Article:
At low volumes and with less than stellar amplification, they simply cannot justify their price differential over the better high-efficiency speakers but once you turn up the volume, the effect is simply visceral and immensely moving. It's like the difference between watching a brilliant film on TV or at the cinema. You come out of an evening with them utterly overwhelmed, wanting to talk to others about what happened. They can make music not just a listening experience but a profound and meaningful event.

The Tron Syren Valve Preamplifier
Britain's new contender for the world-class valve preamp stakes, the Syren is as seductive as they come. One box, four inputs and a remarkable phonostage is the basic recipe, but inside you will find a virtual Gotha of parts, from the Nextgen WBT binding posts to the mil. spec circuit board made from a proprietary material. Graham Tricker is one of the country's greatest experts on valves and a very talented engineer whose priority is to put the music first. The Syren is a delicate, highly sensitive device which requires care, serious isolation and careful matching to reach its best. But once achieved, the rewards are all there. We gain exceptional purity, the kind that makes you think of spring water
bursting from a mountain rock. This emerges as an attentiveness to the musical moment that has an almost Zen-like elegance: attentive without in anyway drawing attention to the fact that it is doing so. On Art Pepper's Today, we are presented not with that clinical inner detail that leaves the whole to make sense for itself, but a plasticity of color, an immediate recognition of the genius of the player and what he can get out of his instrument. It's a focus not so much on his skill as his inspiration. Yet the inner detail is there, like being able to see the leaves on trees, to see blades of grass rather than a green mat, but never in a way that becomes etched, harsh or stark. Or without losing the plot. On Lara St.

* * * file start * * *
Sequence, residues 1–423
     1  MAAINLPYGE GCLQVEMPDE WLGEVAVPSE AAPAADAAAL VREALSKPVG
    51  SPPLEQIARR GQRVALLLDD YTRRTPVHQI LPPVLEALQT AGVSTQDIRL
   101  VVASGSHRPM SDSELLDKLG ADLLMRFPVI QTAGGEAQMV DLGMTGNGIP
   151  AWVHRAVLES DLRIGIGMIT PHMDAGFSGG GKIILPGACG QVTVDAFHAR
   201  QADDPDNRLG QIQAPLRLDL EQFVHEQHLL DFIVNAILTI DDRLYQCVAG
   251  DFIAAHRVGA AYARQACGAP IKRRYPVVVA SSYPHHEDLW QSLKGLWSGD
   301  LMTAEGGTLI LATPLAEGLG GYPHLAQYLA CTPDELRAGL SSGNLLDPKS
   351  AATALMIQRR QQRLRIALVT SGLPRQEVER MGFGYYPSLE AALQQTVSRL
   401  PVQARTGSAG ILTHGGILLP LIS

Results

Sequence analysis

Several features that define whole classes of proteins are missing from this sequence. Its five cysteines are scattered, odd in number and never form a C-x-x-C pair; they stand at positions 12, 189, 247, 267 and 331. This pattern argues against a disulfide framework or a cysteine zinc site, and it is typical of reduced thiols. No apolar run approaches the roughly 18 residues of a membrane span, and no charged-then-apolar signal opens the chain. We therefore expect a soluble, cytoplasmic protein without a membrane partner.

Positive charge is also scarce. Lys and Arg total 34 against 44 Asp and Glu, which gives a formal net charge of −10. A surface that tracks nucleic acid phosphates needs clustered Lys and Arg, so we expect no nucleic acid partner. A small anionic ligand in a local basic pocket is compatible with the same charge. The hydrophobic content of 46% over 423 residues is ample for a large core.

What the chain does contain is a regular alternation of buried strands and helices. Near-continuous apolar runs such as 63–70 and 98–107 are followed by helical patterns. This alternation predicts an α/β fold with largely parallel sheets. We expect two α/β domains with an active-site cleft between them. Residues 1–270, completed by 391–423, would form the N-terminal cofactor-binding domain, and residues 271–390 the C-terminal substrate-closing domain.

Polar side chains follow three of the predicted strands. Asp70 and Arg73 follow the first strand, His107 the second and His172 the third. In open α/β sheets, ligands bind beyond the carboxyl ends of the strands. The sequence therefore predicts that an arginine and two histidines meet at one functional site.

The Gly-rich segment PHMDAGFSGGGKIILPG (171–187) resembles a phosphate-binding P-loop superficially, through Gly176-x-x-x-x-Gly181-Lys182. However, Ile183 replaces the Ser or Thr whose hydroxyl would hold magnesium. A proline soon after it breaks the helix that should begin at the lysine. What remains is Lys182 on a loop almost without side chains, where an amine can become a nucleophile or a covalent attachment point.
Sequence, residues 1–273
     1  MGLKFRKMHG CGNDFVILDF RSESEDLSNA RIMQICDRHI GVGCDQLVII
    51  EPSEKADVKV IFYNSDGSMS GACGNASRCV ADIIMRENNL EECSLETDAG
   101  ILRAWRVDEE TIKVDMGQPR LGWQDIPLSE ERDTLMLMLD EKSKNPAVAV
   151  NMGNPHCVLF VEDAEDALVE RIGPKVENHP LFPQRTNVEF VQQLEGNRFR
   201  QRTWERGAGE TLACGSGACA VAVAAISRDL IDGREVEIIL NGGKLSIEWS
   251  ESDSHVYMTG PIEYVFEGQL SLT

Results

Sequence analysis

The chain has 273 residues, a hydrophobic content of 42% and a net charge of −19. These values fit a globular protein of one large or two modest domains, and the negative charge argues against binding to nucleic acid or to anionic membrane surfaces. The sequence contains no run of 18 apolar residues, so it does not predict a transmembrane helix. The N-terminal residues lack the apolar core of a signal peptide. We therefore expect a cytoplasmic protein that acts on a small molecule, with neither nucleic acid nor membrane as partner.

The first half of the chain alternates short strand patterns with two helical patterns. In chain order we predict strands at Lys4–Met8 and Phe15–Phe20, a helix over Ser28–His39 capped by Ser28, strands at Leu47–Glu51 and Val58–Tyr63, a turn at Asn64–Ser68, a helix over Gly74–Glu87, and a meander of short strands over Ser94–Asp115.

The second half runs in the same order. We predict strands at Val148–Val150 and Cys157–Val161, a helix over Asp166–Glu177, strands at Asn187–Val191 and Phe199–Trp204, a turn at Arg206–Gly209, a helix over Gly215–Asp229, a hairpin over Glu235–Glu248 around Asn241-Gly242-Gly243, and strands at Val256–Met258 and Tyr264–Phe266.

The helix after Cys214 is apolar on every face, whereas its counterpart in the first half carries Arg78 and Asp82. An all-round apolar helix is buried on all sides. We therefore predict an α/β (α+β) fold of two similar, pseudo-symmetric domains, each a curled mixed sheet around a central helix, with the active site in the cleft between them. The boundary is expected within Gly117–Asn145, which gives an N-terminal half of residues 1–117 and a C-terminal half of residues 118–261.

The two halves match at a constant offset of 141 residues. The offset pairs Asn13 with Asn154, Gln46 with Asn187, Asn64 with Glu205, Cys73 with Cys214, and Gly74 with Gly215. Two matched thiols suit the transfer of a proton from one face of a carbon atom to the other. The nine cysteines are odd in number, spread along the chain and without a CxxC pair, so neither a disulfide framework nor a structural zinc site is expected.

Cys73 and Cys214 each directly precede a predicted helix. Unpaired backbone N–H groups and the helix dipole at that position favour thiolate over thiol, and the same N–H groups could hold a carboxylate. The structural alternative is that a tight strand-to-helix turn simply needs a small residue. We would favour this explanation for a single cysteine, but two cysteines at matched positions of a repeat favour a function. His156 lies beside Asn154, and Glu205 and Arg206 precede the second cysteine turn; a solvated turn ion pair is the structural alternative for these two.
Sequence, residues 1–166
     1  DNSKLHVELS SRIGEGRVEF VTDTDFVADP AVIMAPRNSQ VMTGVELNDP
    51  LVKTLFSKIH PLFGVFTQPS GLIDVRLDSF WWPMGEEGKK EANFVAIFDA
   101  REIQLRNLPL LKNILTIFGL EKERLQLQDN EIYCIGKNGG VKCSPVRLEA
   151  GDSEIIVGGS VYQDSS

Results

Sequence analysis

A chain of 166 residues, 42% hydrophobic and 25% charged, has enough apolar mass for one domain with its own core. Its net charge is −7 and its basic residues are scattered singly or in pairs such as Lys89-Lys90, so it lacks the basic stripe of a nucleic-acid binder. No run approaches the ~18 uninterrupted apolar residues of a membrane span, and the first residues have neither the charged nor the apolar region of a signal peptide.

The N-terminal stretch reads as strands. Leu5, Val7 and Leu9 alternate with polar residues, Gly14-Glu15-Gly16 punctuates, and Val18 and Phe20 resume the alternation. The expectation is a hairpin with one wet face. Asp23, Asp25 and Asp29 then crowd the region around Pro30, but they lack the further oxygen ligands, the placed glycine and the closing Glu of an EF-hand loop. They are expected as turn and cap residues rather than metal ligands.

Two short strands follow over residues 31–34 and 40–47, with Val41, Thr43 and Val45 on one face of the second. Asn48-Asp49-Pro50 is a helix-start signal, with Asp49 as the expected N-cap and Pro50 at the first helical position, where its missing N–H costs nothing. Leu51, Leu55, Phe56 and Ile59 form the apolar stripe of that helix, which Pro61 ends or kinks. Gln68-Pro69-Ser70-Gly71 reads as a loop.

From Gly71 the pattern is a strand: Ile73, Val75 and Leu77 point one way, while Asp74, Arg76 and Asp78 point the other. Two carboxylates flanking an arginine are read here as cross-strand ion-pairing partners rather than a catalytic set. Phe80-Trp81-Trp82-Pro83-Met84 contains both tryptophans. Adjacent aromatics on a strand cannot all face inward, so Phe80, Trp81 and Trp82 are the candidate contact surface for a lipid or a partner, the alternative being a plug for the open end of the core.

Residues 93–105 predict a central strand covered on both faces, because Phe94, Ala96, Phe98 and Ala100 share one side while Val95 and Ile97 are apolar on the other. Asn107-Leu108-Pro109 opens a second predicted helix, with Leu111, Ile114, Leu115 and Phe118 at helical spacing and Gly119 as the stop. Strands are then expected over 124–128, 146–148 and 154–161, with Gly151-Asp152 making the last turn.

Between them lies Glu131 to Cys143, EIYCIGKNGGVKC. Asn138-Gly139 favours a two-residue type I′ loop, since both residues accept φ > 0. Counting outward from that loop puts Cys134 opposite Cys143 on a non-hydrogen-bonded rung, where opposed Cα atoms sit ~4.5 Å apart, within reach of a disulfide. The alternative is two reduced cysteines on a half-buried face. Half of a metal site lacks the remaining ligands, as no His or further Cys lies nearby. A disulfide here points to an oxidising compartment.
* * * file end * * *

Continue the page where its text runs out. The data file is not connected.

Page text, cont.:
John's violin (Bach's Partita Nos. 2 & 3 BWV 1004 & 1005 on Well Tempered), we hear the ribbing of each string, its tonal essence, almost the individual vibrations as the sound is bounced off the wooden chamber and naturally amplified by it. Yes, the fingering is evident, but it is not foregrounded at the expense of the musical purpose. Scale or presence is the difference between a mediocre and grey reproduction and the recreation of a musical event containing all the passion, artistry and talent of the actual performance. This means not that the artist is transported into your
listening room but that you are transported somewhere nearer the recorded event; not so much that you hear better but that you feel the presence of why the particular artist you're hearing is extraordinary. It's the opposite to background music, the opposite of muzak. This scale or presence is one of the first things that can be overproduced out of a recording (if it was ever there). But the Tron has it to give away. The phono stage is truly astonishing. It may lack some of the bass heft of the finest transistor stages but it is capable of making an unusually beautiful and seductive sound, the kind that is so sophisticated that it can make others sound, frankly, a bit banal. Superb is the word I was hunting for.